Beit Hanoun (Arabic: بيت حانون) is a city on the north-east edge of the Gaza Strip with a population of 35,000. It is administered by the Palestinian Authority. It is located by the Hanoun stream, just 6 kilometers (4 mi) away from the Israeli town of Sderot. As opposed to nearby Gaza City, its population is almost entirely of Bedouin descent. More than 5,000 of its residents are part of the "Zaneen" tribe.
The area is notorious in being the source of the launching of many Qassam rockets attacks by Palestinian militants against Israel, over the security fence.
This town is also notable for the Beit Hanoun November 2006 incident where 19 Palestinians were killed by IDF shelling. According to Israeli authorities it was in response for its use as a base from which Palestinian militant groups have fired Qassam rockets into the northern Negev towns like Sderot, as well as the former Gush Katif settlements.
In December 2006, the UN appointed a fact-finding commission led by Anglican Archbishop Desmond Tutu to investigate the attack. However, Tutu and the other members were not granted permission to travel by Israel and the investigation was cancelled.

The Palestinian Authority alleges that prior to the November 2006 incident, at least 140 Palestinians were killed by Israeli Forces in Beit Hanoun from September 2000 to November 2006.

- The New Town of Sderot, paid for by contributions by (mostly) American Jews or the US Government.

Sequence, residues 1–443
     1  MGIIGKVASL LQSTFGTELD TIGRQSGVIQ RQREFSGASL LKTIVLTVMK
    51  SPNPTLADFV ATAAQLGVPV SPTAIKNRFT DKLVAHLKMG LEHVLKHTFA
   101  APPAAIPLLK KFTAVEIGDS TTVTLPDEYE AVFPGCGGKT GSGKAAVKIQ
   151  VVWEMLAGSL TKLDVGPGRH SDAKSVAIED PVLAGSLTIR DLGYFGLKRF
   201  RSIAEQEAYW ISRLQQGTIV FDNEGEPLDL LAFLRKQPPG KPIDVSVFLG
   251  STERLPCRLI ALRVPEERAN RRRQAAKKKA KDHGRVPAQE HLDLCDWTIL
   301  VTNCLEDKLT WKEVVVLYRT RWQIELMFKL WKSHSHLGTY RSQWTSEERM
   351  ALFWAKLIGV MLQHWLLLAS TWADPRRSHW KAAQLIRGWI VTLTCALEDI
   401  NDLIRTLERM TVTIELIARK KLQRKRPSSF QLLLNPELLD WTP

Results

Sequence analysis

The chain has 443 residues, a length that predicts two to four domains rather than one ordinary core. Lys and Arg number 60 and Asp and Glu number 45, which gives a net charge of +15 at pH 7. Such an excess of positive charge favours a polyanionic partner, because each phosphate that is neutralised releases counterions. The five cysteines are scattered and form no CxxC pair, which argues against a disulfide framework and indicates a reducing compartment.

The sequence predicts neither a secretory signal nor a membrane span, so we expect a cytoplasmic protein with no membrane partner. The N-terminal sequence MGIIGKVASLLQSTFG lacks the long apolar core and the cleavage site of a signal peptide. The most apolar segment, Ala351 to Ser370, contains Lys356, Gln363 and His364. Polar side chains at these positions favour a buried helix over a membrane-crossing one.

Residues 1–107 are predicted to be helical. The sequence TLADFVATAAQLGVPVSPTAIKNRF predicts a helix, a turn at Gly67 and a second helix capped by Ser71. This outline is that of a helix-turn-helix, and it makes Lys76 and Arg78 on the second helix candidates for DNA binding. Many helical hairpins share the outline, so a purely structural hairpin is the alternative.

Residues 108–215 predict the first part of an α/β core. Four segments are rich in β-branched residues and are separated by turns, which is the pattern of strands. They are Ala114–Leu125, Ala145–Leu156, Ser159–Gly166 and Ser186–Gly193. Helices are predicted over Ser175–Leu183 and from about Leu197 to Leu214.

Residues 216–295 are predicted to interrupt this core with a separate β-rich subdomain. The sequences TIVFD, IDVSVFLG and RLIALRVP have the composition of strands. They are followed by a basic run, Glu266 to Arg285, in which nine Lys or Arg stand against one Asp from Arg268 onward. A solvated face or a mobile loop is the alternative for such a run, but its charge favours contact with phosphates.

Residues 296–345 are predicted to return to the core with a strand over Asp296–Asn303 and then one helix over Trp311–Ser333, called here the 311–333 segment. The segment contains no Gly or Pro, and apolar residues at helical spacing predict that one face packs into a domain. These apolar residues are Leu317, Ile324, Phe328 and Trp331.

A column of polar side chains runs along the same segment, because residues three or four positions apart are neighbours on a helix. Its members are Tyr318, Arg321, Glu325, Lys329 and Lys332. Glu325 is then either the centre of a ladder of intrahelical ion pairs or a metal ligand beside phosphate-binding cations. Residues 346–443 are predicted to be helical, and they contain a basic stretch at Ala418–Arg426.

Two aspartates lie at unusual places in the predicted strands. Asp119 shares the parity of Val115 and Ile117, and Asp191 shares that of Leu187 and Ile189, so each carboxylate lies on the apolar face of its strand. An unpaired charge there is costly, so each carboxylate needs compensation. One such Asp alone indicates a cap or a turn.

The first inhabitants of Sderot arrived in 1951 to what was then known as the Gevim-Dorot transit camp. Most of these residents were Kurdish and Persian refugees who lived in tents and shacks before building permanent structures almost four years later in 1954. In the 1961 census, the percentage of North African immigrants, mostly from Morocco, was 87% in the town, whilst another 11% of the residents were immigrants from Kurdistan. In the 1950s, the city continued to absorb a large number of immigrants from Morocco and Romania, and was declared a local council in 1958.

In the 1990s Sderot again absorbed a large immigrant population from the former USSR, and doubled its population in this decade. In 1996 it was declared a city. According to CBS, in 2001 there were 9,500 males and 9,700 females (about half the population of its Palestinian twin, Beit Hanoun)
Sderot lies a kilometer from the Gaza Strip. Since the beginning of the al-Aqsa Intifada in October 2000, the city has been frequently attacked by Hamas and Islamic Jihad militants using homemade rockets known as "Qassam rockets". Although they are very inaccurate, these attacks have resulted in a number of deaths and injuries as well as significant damage to homes and property, psychological distress among the residents, and a net emigration from the city. The Israeli government has installed a "Red Dawn" alarm system in an attempt to alert Israelis to possible shellings, though there are doubts concerning its effectiveness. Thousands of Qassam rockets have been launched from the Gaza Strip since Israel's disengagement from Gaza in September 2005.

How would you feel if a bunch of Russian immigrants were dumped in a brand-new town just a mile across an uncrossable border within your own homeland, and given huge subsidies as 'Jewish' immigrants, while you were left to rot in a prison?

But the score is pretty even - 16 victims in Sderot, over 6 years, versus 19 in Beit Hanoun, with just one shell, beside the 140 Palestinians killed in Beit Hanoun over those same 6 years.

An eye for an eye? Now the Israelis are besieging the entire 1.5 million population of the Gaza Strip, with the compliance of the EU, Britain, the US (all the usual suspects).